Provide options between language and symbols

Both linguistic and non linguistic forms of representation will enhance or inhibit a learner’s understanding of learning materials, depending on their individual preferences. To assist decoding and ensure clarity and comprehensibility across all learners, it is important to provide variation of content between language, symbol, image and graphical representations. 

Moodle was designed as a flexible toolbox that empowers educators to build their own education platform. For instance, when creating a Moodle course, incorporate Activities and Resources that pre-teach and embed support for vocabulary and symbols (e.g., alternative text description for symbols, hyperlinks or footnotes to definitions, explanations, illustrations, translations, voicing, text to speech and speech to text). Where understanding a concept requires understanding of rules or structures, like the properties of a formula or the way an essay is structured, make the elements and relationship between them explicit through providing Resources or scaffolds in both auditory and visual forms. H5P content may be added to Moodle which enables educators to create rich content such as interactive videos, quizzes and presentations. Finally, Moodle offers a way to achieve multi-language content in your courses through the Multi-Language Content Filter.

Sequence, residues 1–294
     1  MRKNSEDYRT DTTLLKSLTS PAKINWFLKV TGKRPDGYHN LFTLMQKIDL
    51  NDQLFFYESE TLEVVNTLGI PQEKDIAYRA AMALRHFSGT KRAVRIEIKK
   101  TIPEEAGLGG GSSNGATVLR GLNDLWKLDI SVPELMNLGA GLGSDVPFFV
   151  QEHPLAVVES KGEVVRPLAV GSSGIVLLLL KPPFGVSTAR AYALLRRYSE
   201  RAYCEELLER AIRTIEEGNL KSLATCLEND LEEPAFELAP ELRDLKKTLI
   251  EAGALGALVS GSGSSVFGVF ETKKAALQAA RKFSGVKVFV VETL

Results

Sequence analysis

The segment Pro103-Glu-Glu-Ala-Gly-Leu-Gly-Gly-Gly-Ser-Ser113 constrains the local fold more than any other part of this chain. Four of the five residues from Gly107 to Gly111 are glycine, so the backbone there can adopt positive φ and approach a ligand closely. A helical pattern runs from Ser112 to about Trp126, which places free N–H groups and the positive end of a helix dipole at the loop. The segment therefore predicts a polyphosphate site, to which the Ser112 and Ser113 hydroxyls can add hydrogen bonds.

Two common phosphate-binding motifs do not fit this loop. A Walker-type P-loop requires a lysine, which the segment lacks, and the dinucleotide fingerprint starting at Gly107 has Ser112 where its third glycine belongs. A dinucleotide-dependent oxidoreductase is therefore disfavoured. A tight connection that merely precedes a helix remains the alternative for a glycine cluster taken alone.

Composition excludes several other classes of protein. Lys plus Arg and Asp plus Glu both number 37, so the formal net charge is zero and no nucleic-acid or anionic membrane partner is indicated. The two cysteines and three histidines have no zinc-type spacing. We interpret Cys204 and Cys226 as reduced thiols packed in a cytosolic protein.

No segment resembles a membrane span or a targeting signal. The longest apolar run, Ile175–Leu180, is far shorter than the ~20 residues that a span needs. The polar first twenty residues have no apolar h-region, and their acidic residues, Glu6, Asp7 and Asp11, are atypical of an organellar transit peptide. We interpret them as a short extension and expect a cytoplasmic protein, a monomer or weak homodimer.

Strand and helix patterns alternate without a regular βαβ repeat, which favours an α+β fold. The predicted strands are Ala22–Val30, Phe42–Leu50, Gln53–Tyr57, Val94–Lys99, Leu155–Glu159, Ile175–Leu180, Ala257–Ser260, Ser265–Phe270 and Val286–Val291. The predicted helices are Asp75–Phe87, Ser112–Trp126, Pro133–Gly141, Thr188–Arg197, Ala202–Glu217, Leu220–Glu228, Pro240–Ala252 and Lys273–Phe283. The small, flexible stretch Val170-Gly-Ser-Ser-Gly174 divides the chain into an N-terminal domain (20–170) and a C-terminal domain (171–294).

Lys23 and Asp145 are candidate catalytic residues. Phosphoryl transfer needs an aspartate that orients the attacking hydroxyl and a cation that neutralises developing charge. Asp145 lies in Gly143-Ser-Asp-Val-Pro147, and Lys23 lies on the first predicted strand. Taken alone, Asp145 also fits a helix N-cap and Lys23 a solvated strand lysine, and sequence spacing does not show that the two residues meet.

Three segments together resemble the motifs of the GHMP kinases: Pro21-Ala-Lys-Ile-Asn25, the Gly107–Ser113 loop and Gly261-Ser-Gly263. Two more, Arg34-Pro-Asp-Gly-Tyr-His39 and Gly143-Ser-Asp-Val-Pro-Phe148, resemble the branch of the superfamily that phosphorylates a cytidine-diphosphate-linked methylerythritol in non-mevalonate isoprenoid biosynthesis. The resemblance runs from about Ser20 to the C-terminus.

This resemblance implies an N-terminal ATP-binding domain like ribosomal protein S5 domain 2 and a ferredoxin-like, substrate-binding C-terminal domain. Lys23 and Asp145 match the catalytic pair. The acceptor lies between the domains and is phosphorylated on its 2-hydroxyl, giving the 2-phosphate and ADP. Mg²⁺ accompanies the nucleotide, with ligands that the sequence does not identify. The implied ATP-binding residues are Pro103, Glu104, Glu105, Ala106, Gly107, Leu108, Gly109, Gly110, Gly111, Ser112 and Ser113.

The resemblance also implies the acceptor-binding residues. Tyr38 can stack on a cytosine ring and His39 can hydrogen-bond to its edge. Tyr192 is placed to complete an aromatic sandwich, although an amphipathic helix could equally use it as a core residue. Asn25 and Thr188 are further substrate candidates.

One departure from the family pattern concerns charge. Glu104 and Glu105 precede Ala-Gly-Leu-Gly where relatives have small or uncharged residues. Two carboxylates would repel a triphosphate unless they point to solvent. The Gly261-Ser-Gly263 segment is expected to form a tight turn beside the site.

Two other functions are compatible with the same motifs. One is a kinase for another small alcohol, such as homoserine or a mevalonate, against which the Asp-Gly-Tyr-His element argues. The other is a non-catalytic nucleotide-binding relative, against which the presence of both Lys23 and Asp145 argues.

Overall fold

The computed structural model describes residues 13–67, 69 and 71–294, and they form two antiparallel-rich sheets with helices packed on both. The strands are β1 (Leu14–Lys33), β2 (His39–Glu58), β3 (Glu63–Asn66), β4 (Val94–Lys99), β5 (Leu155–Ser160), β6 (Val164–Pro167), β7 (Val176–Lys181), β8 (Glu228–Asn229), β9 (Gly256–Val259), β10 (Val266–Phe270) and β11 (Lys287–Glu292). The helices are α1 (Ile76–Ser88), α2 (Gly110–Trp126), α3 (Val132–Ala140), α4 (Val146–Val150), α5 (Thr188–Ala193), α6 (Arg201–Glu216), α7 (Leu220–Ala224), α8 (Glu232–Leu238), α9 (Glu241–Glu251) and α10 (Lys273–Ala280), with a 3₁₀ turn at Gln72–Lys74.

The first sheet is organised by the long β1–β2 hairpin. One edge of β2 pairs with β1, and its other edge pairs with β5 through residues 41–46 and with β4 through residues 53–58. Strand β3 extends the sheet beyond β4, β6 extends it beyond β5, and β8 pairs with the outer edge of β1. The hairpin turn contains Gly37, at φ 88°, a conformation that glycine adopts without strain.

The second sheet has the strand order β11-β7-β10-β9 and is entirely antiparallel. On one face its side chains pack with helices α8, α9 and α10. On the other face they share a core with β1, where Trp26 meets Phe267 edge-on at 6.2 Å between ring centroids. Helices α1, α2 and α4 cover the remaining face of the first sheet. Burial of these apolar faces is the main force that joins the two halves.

Provide options for comprehension

The purpose of education is not just to make information accessible, but rather to teach learners how to transform accessible information into useable knowledge. This requires learners to develop active information processing skills and these skills can be supported through good course design.